525 Long-Term Variability of Extreme Summer Monsoon Precipitation in the Semiarid Southwest United States

Tuesday, 9 January 2018
Exhibit Hall 3 (ACC) (Austin, Texas)
Eleonora Demaria, USDA–ARS, Tucson, AZ; and D. C. Goodrich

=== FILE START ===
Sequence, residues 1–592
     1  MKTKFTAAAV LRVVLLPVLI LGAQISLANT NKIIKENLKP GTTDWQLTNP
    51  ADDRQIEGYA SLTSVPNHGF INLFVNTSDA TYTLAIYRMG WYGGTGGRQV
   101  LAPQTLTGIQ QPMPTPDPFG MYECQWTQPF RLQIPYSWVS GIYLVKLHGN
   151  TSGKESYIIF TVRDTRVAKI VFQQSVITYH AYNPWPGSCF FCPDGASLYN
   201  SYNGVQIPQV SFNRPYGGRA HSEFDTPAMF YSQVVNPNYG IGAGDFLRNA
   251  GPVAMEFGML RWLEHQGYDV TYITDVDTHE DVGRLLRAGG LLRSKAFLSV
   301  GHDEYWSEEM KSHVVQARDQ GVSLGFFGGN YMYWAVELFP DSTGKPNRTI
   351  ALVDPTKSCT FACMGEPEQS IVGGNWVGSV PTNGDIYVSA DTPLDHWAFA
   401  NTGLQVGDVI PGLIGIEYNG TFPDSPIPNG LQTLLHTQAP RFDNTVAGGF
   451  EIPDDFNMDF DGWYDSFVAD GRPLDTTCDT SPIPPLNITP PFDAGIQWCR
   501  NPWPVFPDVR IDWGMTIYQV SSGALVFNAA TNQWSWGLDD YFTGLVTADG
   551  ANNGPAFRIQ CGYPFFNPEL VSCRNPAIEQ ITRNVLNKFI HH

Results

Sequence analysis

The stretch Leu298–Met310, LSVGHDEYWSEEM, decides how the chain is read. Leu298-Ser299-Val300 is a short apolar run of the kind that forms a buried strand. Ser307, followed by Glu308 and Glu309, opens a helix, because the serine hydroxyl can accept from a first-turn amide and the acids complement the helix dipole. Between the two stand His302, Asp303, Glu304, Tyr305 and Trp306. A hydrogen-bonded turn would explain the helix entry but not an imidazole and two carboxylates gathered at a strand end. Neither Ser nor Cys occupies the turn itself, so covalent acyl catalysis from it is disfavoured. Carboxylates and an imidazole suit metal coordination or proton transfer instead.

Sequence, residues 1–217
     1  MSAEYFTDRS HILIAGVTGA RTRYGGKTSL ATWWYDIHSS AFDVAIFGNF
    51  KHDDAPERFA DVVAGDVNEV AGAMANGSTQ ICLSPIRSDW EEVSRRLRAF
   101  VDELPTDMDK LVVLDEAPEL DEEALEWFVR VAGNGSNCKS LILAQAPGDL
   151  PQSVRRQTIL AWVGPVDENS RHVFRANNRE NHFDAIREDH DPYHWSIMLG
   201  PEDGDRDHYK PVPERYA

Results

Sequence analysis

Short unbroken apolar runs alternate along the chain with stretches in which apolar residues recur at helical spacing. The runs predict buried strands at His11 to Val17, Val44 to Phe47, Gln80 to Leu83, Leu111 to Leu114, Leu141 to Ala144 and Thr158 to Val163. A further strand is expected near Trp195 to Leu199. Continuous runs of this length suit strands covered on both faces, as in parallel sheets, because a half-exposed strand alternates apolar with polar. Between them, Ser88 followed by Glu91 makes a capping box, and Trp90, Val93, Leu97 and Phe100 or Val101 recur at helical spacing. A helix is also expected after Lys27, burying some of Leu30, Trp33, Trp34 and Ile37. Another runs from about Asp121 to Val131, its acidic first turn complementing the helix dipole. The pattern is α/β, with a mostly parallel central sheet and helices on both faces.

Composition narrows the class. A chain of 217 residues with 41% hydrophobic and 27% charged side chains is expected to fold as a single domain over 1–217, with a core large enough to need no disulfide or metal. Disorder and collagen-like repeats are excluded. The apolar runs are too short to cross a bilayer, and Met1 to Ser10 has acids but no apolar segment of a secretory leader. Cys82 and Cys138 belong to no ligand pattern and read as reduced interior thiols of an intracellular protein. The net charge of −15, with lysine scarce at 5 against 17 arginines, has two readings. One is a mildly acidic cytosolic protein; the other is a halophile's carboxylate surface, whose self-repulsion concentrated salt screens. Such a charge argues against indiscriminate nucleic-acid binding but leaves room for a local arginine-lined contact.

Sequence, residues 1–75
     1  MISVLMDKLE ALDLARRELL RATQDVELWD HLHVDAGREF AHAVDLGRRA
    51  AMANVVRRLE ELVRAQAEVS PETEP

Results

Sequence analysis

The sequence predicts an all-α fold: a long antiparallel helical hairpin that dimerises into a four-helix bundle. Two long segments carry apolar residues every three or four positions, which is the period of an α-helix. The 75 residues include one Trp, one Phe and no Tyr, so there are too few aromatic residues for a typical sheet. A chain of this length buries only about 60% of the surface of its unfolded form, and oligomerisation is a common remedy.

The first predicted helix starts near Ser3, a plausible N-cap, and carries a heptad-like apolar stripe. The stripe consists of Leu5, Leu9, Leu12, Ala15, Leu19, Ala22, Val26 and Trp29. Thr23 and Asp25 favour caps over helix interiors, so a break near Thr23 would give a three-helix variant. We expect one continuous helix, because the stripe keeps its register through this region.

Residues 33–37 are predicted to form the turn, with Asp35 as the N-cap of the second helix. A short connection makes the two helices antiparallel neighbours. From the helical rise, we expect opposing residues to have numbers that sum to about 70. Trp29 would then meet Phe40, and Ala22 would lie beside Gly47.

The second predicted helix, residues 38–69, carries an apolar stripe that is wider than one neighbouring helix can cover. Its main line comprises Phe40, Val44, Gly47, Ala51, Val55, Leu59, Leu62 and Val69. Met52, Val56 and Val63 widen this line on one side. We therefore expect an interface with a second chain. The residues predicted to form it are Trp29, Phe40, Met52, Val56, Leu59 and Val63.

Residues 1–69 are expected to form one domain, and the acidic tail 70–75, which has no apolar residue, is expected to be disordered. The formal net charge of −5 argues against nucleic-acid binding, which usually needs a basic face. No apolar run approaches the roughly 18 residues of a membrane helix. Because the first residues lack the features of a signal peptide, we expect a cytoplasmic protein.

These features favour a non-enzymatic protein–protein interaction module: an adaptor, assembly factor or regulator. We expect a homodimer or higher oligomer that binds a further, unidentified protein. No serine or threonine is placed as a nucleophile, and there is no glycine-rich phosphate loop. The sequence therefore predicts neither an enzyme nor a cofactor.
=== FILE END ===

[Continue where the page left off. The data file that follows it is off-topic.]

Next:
In the Southwest USA, summer convective precipitation from the North American Monsoon provides approximately 60% of total annual precipitation. To capture the high intensity and isolated nature of monsoon storms, the USDA-ARS Walnut Gulch Experimental Watershed (WGEW) has been measuring precipitation with a network of more than 90 rain gauges across a 150 km2 area, with measurements dating back to the 1950’s. Climate model simulations project an increase in precipitation intensities as the atmosphere water vapor holding capacity changes and circulation dynamics shifts. However, natural low-frequency climate variability and the localized nature of summer convective storms make difficult to identify trends in precipitation intensities leading to inconclusive findings. This study focuses on the impacts of those changes on the long-term variability of sub-daily and daily summer (July-August-September) precipitation intensities and storm characteristics. We use an Annual Maximum Series (AMS) and a Partial Duration Series (PDS) approach to identify temporal trends in maximum intensities for durations ranging from 5- to 1440-minutes and interstation correlations decays to evaluate changes in spatial precipitation patterns.
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